Tankers, which transport liquid bulk such as oil and gas, are subject to very strict, rigorous inspections and legislation. Oil transport must also meet oil companies’ high standards.

dispositifs_petroliers_ANG
Click on the image to enlarge

 

Tankers are:

  • reliable, safe and environment-friendly
  • a mode of transportation that has the capacity and means to intervene in case of an emergency.

To carry oil, ship owners must meet Transport Canada’s requirements, which include the use of double hull tankers (a type of hull where the vessel’s bottom and sides have two complete layers of watertight hull surfaces).

Photo credit: Desgagnés
Photo credit: Desgagnés

Foreign tankers transporting crude oil in Canadian waters must meet this requirement as well. Ship owners must also comply with their clients’ rules and those of the International Tankers Owners Pollution Federation, including:

  • a tanker inspection program every 6 months (12 elements covering 750 validation criteria)
  • a verification process (vetting) before travelling that covers:
    • Ship and fleet inspection results
    • Past accident and incident history
    • Crew’s qualifications and experience
    • Authorities’ inspection reports
  • A ship’s structural review program

Ship owners transporting oil must also:

  • have an emergency response plan in case of oil pollution
  • have environmental response equipment
  • sign agreements with response organizations certified by Transport Canada
  • implement a safety management and pollution prevention system according to the International Safety Management Code (ISM CODE) – a maritime insurance company requirement

Navigating personnel for tankers

  • To transport oil by ship, Transport Canada requires officers to have specific qualifications on their certificate of competency (petroleum product transportation)
  • Oil companies apply additional combined experience criteria for senior officers (time with the company, rank and type of vessel).

Liability and compensation for oil spills

Canada’s oil pollution liability and compensation program is based on the “polluter pays” principle and is set out in the Marine Liability Act. This Act implements several international conventions which require ship owners to hold insurance in an amount that is linked to the vessel’s tonnage. These international conventions also limit or cap ship owners’ liability and specify the amounts that must be made available for clean-up, compensation and damage to natural resources. If the cost of damages exceeds a ship owner’s liability, international and domestic funds provide additional amounts.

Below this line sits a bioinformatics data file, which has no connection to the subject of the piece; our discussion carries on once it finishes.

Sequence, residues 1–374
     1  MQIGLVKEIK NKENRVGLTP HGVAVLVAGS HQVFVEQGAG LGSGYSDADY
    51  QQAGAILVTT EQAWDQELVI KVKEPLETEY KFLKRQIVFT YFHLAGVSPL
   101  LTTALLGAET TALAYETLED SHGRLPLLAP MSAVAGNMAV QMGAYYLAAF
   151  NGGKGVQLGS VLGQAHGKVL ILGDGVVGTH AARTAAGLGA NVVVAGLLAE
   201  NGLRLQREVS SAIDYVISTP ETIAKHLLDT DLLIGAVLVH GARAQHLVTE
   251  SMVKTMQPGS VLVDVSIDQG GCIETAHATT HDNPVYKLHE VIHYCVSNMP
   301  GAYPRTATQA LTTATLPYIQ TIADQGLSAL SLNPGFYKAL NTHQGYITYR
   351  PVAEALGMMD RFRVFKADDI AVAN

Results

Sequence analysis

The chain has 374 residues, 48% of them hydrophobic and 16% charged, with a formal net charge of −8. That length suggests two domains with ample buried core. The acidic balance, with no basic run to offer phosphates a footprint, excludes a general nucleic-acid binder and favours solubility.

Moreover, Canada goes even further, having created its own Ship-Source Oil Pollution Fund (SOPF), a national fund that acts as a fourth level of funding, adding an additional amount of up to $160 million per incident. Canada is currently working on legislative changes in order to implement unlimited compensation in case of oil spill. This makes the total approximately $1.36 billion for the oil pollution liability and compensation program in Canada.

World-class tanker safety system

Although Canadian legislation governing oil transport by ship is internationally renowned as being one of the world’s most complete and safest, on March 18, 2013, the federal government announced its intention to create a ‘’World-Class Tanker Safety System.’’ This initiative includes legislative changes and the following measures:

  • 100% of foreign tankers will be inspected
  • new and modified navigation aids including buoys, lights and other devices to warn of obstructions and to mark the location of preferred shipping routes
  • establishment of a Canadian Coast Guard Incident Command System
  • review of existing pilotage and tug escort requirements
  • unlimited compensation in case of a spill
  • scientific research on non-conventional petroleum products, such as diluted bitumen, to enhance understanding of these substances and how they behave when released in a marine environment
  • Expansion of the National Aerial Surveillance Program
  • increase in the number of ports designated for traffic control measures, starting with Kitimat, BC.

Learn more about tanker safety and spill prevention

BACK